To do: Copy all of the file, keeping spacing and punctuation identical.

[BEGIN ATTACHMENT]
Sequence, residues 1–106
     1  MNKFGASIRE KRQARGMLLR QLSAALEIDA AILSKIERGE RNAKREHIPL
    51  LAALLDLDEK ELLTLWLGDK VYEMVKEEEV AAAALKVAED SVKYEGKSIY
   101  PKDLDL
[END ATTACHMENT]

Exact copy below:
Sequence, residues 1–106
     1  MNKFGASIRE KRQARGMLLR QLSAALEIDA AILSKIERGE RNAKREHIPL
    51  LAALLDLDEK ELLTLWLGDK VYEMVKEEEV AAAALKVAED SVKYEGKSIY
   101  PKDLDL